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O.K., so I'm a little cranky today, but for the love of all that's holy... - Page 5

post #81 of 119
Quote:
Originally Posted by annalivia View Post
Hmmm. I lived in Michigan for 24 years, and all of my family originates there. I have never in my life heard of a sliding glass door being called a doorwall. Could be a yooper thing.
Yeah, I didn't live there, but spent every summer there and my entire family (mom and dad included) are from Michigan. Never heard that. (Like the PP said though, we're all lower peninsula.)

Party store though drove me nuts until I got used to it.
post #82 of 119
Quote:
Originally Posted by Viola View Post
I think that we can to a point, but there is a threshold where it ceases to become understandable, and can be interpreted in several ways. There are times when I read things here where I really don't understand what the person is saying. I usually just click out of that thread and don't ask. And then sometimes I see people questioning a phrase that seems perfectly clear to me. So I guess part of it may just be what ideas I have in my head coming into the thread.
Yes, I've had this experience too. And maybe more so on other boards (maybe they're easier to find?). But there are occasions when people have such poor grammar and syntax that their posts are completely indecipherable. That is sad, IMO, especially when it's fairly clear that they are native English speakers, because it would be quite difficult to not be able to use written communication in this day and age.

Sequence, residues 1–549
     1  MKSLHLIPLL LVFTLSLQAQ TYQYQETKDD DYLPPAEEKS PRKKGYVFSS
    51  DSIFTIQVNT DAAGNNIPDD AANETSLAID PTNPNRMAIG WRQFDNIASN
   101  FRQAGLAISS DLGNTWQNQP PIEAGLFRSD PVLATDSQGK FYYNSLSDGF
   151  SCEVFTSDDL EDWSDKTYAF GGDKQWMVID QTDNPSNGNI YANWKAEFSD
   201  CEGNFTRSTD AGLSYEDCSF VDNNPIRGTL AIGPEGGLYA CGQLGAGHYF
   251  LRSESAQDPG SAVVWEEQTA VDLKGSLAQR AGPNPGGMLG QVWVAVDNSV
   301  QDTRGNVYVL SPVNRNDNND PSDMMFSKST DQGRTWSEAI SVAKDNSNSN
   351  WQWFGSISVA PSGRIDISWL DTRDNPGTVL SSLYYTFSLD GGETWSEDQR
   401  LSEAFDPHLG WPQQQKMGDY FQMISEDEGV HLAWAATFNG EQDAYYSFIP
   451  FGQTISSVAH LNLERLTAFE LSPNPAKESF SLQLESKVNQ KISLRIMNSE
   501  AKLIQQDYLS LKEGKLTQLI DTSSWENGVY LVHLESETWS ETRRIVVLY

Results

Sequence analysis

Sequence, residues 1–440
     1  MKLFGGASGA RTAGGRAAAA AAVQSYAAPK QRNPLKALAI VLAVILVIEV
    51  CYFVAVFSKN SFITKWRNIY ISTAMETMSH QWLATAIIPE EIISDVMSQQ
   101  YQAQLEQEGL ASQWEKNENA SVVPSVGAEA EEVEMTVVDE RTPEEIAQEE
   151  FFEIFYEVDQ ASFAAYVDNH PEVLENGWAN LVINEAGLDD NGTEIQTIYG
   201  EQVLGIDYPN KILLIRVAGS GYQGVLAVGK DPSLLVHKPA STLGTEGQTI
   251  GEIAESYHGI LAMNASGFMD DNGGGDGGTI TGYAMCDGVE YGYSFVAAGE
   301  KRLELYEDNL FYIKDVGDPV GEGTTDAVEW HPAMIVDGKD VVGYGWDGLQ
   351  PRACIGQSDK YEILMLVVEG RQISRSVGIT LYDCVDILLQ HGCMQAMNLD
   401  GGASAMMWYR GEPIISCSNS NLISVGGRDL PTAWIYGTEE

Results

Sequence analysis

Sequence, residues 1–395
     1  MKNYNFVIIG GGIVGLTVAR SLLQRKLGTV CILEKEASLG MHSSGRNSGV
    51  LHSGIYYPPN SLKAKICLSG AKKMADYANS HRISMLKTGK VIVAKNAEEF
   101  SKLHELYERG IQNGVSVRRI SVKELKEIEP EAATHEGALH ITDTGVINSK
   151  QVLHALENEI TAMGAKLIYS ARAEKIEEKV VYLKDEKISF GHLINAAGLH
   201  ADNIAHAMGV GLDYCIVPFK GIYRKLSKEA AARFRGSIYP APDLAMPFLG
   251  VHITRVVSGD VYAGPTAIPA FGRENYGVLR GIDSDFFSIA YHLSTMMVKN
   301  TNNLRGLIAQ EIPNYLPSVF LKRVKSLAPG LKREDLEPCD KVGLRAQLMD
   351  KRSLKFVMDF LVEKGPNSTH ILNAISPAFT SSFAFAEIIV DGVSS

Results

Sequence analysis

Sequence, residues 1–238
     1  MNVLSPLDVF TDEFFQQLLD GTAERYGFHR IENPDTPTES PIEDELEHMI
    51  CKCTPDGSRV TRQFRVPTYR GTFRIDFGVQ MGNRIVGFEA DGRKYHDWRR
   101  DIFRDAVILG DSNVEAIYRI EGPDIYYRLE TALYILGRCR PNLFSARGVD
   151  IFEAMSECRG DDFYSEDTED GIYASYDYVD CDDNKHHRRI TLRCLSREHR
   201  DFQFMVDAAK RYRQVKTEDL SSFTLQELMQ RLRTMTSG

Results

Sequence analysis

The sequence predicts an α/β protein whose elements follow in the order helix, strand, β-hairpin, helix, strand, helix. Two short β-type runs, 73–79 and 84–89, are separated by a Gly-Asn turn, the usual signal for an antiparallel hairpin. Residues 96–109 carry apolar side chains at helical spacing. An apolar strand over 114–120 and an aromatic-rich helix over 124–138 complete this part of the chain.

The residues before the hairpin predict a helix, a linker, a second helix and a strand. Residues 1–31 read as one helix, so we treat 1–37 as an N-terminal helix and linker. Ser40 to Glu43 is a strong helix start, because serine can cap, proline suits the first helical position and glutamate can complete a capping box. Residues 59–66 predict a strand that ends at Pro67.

post #83 of 119
Quote:
Originally Posted by Krisis View Post
Now I'm terrified it's meeeeee!!! *deletes name from signature*
haha its not you! its not anyone that I have ever seen in TAO.

Quote:
Originally Posted by Viola View Post
Lay and lie is another one, most people say "lay down." Several different doctors have told me to lay down or lay back--I didn't correct them.
you should! Especially if its a really haughty Dr. Just knock 'em down a peg or two!
Quote:
Originally Posted by Viola View Post
I mean if you said, "Me am going to the store" people would cringe, but probably wouldn't hesitate to say, "You can give that to myself or John."
How about when people over-correct "I" instead of "me" thinking that "I" is more formal or somehow more correct than "me", and not just different parts of speech - "You can give that to John or I" should be "You can give that to John or me"
post #84 of 119
Quote:
Originally Posted by aniT View Post
I'm sorry.. that should be "You can give that to John or me." :P
Well...that was my point, actually.
post #85 of 119
Thread Starter 
[QUOTE=Sk8ermaiden;14675386
Party store though drove me nuts until I got used to it.[/QUOTE]

I totally forgot about party store! I've been so reprogrammed, and here I was thinking that you just can't take the midwest out of the girl.
post #86 of 119
Wait, what's wrong with party store? Is that a kind of store, or is it something else?
post #87 of 119
Quote:
Originally Posted by mrsjtc View Post
Got one for you - I live in WAY Northern NY and I'm not native to this area. People here will say " The Smith's live on THE Ruddy Rd." or "Go up THE Austin Rd." "Turn at THE Judson Rd."
They do that in So CA to an extent. Like when I lived in NoVA, I'd take 66 into wherever, and then go up 395 or 295. Now I might say "the beltway" or "the toll road" but that's about it. But in CA it was always "the 5" "the 405" "the 10" and so on. But I think named roads were not used with the article.
post #88 of 119
Thread Starter 
Quote:
Originally Posted by Viola View Post